Winter couldn’t stop staring. Pink birds! How could such a thing exist?
“They’re called cockatoos,” Spring said, breaking her trance.
She looked at him. He looked proud of himself at knowing something she didn’t.
“I’ve never seen anything like them,” she said. Her eyes strayed back to them.
“The human of this house owns them,” he said, “he collects them, or some such nonsense.” He scowled.
Winter understood why. Her heart was giving in to sadness at seeing them caged up. “They should be free,” she said.
He gave a sharp nod. “Yes.” Then a grin. “Though I would miss collecting their feathers.”
Her mind flashed back to the little walled area covered with feathers where they’d first met Spring.
“Those feathers are yours? Taken from those birds?” Birch asked.
Spring nodded. “They shed them and I pick them up off the ground. I have some friends out in the wild who use them for bedding in the winter.”
“That makes sense,” Winter said. “Have you ever tried freeing them?” She gestured to the birds.
He looked sad. “They wouldn’t survive. They know nothing but food from the human’s hand.”
“Oh.” That was sad. They would never fly free.
“Couldn’t you teach them?” Tango piped up.
Spring shook his head. “How? They would need to stay here and the human would just put them back in the cage. It’s just one of those things. This is part of human life.”
Winter watched the birds for a moment, thinking how awful it must be to be caged up like that. She wanted to go and speak to them, ask them if they were okay. But before she could suggest the idea, Leviathan barked up at them. Maybe impatient at their talk.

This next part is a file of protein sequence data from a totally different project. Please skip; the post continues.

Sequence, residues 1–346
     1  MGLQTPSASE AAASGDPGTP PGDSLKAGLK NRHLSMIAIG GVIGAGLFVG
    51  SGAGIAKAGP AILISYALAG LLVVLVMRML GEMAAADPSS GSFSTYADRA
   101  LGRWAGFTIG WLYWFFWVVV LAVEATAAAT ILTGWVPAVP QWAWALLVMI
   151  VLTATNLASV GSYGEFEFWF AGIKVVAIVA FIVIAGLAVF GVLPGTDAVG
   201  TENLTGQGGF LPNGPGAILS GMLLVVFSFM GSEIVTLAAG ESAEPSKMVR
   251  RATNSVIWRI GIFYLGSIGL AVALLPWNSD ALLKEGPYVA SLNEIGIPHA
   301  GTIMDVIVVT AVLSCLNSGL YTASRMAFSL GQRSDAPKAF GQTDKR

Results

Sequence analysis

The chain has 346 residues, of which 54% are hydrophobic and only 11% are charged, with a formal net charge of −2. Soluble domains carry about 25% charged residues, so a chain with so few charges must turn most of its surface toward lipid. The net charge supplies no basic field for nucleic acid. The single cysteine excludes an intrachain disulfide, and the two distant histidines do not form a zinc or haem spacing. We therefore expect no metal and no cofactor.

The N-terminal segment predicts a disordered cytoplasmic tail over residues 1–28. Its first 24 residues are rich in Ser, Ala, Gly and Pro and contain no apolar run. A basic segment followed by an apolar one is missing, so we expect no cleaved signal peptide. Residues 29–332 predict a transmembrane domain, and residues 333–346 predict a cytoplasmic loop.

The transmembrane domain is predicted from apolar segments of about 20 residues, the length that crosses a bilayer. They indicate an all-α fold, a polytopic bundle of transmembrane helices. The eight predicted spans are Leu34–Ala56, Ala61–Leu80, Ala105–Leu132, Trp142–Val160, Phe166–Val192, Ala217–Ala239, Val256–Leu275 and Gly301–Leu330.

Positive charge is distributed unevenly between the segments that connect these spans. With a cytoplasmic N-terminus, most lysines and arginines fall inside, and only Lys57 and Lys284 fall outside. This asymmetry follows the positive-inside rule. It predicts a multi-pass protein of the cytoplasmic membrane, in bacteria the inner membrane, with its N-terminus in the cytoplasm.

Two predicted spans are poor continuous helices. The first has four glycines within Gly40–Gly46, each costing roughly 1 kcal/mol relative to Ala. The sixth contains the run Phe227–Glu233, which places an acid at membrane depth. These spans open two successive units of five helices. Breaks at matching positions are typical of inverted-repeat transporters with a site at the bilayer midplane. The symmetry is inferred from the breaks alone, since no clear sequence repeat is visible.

Spring smiled down at his friend, then leaped off the wall, saying to the others. “Come on, I’ll show you where I live.”
Winter took off after him, excited to know what his Clan’s home looked like. She saw the others following out of the corner of her eye.
Leviathan bounded after them on the ground below. He pushed his way through bushes and twiggy trees, finally coming to a stop next to the far wall, where a small shed sat next to several flower beds. Layla had something similar in her garden. Spring led them around the back of the shed, and to a small rock. He landed by it, and tapped three times.
Winter watched, amazed, as the rock slid to one side to reveal a hole in the ground.
“You live underground?” Indian asked. She didn’t sound too thrilled about the idea.
“Yep,” Spring said. “It’s much nicer than it sounds.” He grinned again. “Come on. The others will be excited to meet you all.”
Winter caught Birch’s eye. That would be different. Usually they were greeted with scepticism and fear.
Spring dropped down the hole first, and Winter followed. Before she lost sight of the world, she glanced behind her to see where Leviathan had gone. He was laid at the side of the shed, watching, his tongue lolling out. She smiled at him, and she would have sworn he smiled back. He seemed like a dog who was indiscriminate with his love.
After a short fall down the hole, it opened up into a large cavern where fairies flitted about, and lights danced on the walls. Winter landed, and her friends landed beside her. She looked about with amazement. This place was so large. Doors led off the walls at various heights.
“Welcome to the Flower Clan.” Spring grinned.